By Adam Schendel
“The United States won. Here in Indonesia, you got what you wanted, and around the world you got what you wanted,” a man named Winarso, says in Vincent Bevins’ new book The Jakarta Method. “The Cold War was a conflict between socialism and capitalism, and capitalism won…we got all the U.S.-centered capitalism that Washington wanted to spread. Just look around you.”
When Bevins asks Winarso how the U.S. won the Cold War, he gets an answer that’s common among survivors in Indonesia: “You killed us.”
The Jakarta Method tells the history of the mass killing of up to one million innocent Indonesian civilians in 1965, when the country’s government was overthrown by its military — events that were materially and ideologically backed by the United States in its Cold War quest to rid the world of rising leftist governments.
“In just a few months, the U.S. foreign policy establishment achieved [in Indonesia] what it failed to get done in ten bloody years of [the Vietnam War],” Bevins writes. As the fourth most-populous country in the world, and home to the world’s third largest communist party behind China and the Soviet Union, Indonesia was a “far more important prize than Vietnam ever could have been” in regard to the anticommunist goals of the U.S. during the Cold War.
In fact, it was the seamless success of the overthrow of the Indonesian government in 1965 and the horrifying extermination of the country’s political leftists (along with other actual ethnic groups) that has made it such a footnote in the Eurocentric history of the 20th century, as opposed to the bloody quagmire of Vietnam that killed almost 60,000 American troops and still resulted in a communist victory.
The Jakarta Method begins right after World War II, when Indonesia declared its independence and defeated its Dutch colonizers in the late 1940s. A charismatic, left-leaning leader named Sukarno became its first president, unifying Indonesians around a national philosophy of democracy, justice, and opposing colonialism.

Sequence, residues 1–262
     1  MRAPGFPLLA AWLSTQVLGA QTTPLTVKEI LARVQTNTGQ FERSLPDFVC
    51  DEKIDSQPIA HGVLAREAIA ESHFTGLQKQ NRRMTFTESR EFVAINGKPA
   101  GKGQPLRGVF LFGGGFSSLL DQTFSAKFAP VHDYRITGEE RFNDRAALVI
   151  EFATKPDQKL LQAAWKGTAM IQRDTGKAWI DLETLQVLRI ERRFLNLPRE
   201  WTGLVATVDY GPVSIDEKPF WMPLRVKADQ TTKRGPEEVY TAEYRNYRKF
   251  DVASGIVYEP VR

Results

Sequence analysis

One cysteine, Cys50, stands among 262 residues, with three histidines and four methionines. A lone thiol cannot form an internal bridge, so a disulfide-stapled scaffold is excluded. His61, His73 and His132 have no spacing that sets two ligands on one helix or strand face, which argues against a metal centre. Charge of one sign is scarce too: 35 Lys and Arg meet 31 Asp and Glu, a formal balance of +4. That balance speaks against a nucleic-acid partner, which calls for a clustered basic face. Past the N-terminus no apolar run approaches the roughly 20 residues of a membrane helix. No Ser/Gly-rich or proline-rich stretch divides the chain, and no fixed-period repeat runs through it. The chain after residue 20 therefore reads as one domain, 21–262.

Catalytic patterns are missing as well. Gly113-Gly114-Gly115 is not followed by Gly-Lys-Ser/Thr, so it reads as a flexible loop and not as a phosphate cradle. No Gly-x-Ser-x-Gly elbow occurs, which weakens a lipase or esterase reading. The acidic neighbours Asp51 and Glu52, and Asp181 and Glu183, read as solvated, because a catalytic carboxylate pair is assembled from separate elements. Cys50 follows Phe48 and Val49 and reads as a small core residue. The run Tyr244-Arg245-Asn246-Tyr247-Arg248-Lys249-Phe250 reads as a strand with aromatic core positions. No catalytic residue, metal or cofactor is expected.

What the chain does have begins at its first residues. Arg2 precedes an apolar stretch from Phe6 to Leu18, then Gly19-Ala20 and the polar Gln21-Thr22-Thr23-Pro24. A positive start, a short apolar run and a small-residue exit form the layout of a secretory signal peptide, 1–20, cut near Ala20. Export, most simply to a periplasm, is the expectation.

In one of the most thrilling parts of the book, Bevins recounts how Sukarno galvanized the revolutionary movement of so-called “Third World” countries (those that had been dominated by European colonialism) by hosting the Bandung Afro-Asian Conference in Indonesia in April 1955. Twenty-nine countries representing over half the world’s population came together at Bandung to celebrate the newfound independence of much of the Third World and the struggles for freedom still in motion for others. They promoted ideals of human rights, equality between races, national sovereignty, and territorial integrity.
Sukarno and other Third World leaders opposed imperialism and sought to forge their own national identities independent of the global sway of the United States and the Soviet Union. But, Indonesia came to be seen as a threat to the United States and its newly formed CIA agency because of its non-opposition to the Soviet Union, and due to the growing promise of leftist politics among its people.
By the 1960s, the Indonesian Communist Party had gained millions of members and had earned enthusiasm by delivering on promises to improve life for the working class and the poor through popular programs of unions, agricultural land reform, and cultural events like concerts and dances.